Nick Lidster (inset pic) has used ViewPoint™ as the foundation of his design – fine adjusting angles to fit the venue. He has also used Martin Audio's crossover presets, feeding these into the new XTA 428, via the latest AudioCore software. 'However, because we were trying to go for a more naturalistic sound we didn't need the LF lift that might be used if we were running a rock 'n' roll show.'
Outboard processing used includes a TC Electronic S6000 reverb, Drawmer compression and gates and some valve compression on Sinatra's voice.
With most of their inventory out on Mamma Mia in Madrid, Autograph Sound purchased 18 addition W8LC's for a show they believe they were awarded in view of its sheer complexity. 'It has been a case of making the sound and video work in conjunction with each other,' declares Nick. To do this they used Pro Tools HD; the original material is triggered by MIDI from a Cadac G-Type, operated by Paul Stannering, and will end up on Tascam playback.
'We are using two Pro Tools HD systems for Sinatra's voice and the sound effects and Pro Tools runs the timecode that drives the projection,' the designer continues. 'Rob Tory, our Pro Tools engineer, has done all the click tracks which go to the MD on headphones, the audio is ethernetted back to the company office where the other Pro Tools HD system resides.'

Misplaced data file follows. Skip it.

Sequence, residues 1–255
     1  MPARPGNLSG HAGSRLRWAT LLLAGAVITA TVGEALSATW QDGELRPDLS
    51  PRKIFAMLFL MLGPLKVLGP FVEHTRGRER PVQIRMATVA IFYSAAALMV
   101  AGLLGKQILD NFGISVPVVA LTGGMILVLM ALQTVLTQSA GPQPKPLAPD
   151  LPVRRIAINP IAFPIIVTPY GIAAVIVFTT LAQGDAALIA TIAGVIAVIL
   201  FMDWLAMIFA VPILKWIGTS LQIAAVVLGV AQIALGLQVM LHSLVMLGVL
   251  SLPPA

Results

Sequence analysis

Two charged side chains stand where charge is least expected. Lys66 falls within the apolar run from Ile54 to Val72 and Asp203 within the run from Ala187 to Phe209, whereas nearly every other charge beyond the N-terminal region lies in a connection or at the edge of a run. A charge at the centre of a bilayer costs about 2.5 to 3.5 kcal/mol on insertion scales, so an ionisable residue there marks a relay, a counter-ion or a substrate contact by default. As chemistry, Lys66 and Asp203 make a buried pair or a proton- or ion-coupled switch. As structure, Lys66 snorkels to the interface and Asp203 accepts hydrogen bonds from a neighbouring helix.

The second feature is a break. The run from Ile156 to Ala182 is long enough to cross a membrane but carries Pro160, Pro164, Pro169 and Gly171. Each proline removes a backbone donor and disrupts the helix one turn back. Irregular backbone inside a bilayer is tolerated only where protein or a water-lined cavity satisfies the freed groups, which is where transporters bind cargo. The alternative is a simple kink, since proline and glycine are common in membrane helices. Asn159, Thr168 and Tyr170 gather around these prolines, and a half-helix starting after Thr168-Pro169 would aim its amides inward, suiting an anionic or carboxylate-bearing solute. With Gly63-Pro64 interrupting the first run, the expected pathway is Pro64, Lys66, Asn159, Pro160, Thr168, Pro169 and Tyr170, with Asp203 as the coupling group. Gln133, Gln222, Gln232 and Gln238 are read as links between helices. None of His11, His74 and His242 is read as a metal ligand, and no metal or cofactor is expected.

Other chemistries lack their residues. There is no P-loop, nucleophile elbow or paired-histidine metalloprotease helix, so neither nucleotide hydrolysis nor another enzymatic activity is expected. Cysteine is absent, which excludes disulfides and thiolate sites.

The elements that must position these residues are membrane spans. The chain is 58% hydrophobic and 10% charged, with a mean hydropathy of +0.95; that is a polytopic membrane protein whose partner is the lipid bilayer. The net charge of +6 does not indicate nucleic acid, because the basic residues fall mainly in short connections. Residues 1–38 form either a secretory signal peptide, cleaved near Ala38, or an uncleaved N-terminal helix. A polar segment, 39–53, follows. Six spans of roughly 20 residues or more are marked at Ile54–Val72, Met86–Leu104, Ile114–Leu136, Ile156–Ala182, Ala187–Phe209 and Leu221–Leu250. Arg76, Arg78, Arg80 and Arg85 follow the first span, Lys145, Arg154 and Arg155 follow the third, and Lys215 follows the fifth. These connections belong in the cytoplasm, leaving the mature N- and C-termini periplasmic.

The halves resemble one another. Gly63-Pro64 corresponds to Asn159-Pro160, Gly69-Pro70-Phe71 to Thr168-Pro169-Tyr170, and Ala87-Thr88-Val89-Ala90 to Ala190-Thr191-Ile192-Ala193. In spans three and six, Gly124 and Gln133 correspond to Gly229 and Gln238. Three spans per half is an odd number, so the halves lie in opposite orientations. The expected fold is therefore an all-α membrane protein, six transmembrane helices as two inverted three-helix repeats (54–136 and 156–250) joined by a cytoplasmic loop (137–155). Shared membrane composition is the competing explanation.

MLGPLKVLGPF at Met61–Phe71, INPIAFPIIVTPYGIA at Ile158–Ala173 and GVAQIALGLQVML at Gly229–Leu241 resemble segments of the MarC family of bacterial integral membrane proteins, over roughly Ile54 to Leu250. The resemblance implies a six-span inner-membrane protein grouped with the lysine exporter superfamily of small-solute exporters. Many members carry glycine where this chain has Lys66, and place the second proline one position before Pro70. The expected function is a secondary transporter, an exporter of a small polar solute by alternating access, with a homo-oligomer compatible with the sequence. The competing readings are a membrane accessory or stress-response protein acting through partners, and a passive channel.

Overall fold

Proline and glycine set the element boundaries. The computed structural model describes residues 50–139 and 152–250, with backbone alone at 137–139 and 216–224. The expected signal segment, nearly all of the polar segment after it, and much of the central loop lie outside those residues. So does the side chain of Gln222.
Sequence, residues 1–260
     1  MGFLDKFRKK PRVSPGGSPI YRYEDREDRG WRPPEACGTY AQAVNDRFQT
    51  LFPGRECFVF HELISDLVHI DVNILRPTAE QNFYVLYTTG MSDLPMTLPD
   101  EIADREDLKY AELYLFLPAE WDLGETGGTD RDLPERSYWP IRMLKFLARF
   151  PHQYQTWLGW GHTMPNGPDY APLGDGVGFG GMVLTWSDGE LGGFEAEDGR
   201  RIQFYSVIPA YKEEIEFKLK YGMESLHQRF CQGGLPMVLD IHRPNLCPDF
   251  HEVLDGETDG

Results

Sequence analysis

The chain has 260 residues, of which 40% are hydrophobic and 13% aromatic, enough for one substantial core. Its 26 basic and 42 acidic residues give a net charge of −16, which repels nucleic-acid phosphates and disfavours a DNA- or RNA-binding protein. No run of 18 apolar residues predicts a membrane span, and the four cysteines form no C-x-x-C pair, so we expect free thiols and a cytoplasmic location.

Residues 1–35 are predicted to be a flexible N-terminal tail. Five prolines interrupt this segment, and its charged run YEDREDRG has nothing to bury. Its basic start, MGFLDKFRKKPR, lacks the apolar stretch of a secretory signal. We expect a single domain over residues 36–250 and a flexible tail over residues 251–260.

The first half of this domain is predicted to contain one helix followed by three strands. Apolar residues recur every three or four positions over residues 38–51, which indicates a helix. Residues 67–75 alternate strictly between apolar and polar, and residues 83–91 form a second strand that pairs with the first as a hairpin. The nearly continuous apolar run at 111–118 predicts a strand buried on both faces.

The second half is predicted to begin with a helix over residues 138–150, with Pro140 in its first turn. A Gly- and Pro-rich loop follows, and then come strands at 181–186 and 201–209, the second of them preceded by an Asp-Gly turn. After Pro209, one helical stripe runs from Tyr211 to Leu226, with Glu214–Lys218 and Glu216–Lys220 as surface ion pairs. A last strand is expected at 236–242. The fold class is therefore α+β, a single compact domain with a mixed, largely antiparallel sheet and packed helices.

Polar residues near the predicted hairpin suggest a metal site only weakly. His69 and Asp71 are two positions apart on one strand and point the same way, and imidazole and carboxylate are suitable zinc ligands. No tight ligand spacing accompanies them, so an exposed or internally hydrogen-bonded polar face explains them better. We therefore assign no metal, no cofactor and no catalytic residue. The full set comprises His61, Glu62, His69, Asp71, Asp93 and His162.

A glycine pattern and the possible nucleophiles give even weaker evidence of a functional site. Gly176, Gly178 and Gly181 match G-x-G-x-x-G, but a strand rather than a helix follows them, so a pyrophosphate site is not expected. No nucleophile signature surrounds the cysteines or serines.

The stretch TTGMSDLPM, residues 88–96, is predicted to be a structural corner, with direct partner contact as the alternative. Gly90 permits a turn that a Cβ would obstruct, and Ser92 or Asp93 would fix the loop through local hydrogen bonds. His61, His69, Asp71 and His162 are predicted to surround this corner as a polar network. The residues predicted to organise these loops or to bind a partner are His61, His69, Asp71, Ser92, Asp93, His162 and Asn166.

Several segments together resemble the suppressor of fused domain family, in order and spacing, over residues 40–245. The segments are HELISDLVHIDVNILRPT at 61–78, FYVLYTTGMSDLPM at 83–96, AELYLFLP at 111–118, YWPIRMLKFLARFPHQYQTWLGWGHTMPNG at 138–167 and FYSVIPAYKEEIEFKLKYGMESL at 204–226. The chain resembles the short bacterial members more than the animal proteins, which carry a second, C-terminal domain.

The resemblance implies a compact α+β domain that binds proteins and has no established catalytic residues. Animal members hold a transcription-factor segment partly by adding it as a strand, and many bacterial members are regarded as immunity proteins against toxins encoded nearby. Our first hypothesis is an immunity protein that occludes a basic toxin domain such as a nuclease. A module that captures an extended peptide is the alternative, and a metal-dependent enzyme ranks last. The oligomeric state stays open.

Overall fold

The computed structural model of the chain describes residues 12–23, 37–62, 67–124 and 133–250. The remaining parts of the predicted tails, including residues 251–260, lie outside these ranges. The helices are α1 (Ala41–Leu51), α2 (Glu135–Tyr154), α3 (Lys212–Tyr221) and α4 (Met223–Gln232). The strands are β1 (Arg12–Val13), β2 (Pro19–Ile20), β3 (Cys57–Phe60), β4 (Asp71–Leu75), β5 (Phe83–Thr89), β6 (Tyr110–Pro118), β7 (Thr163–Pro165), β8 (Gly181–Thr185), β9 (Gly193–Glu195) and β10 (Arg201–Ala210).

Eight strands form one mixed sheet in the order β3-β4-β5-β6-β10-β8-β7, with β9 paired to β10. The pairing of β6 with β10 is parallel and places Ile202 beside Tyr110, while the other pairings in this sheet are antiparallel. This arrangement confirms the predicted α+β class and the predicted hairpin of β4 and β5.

But the show itself is a triuimph for putting Frank Sinatra's voice in front of a live orchestra.
An audio pioneer in his own right, Sinatra had done a lot of archiving, pre-recording some of his early (1957-58) TV series in stereo and using 35mm film. This was digitised and rotoscoped, with the images removed. Because the recordings featured discrete audio tracks and relatively sparse instrumentation, the immediate bonus was that the vocals could be extracted and the new live orchestrations mixed in.
The recordings were processed at Autograph using the CEDAR Cambridge v2.6 restoration system to remove all the extraneous noise and hiss.
Using CEDAR NR-4 Advanced Noise Reduction, Auto Dehiss, and Debuzz - Buzz and Hum Removal, CEDAR's in-house restoration engineer, Paul Alexander removed general background noise as well as unwanted hiss and buzz. He explained,'The original recordings and transfers were of extremely high quality and most of the background noise that I removed was due to problems with the initial recording in the 1950s.'
Ultimately it has been the reconciliation of the old and new, perfectly synchronised, with which Autograph have been tasked.
Small wonder then that Nick Lidster has had sleepless nights worrying about this show. 'Because of the level of technology used you do feel very responsible,' he says. e

PUBLISHED: 28TH MAR 2006. Views: 0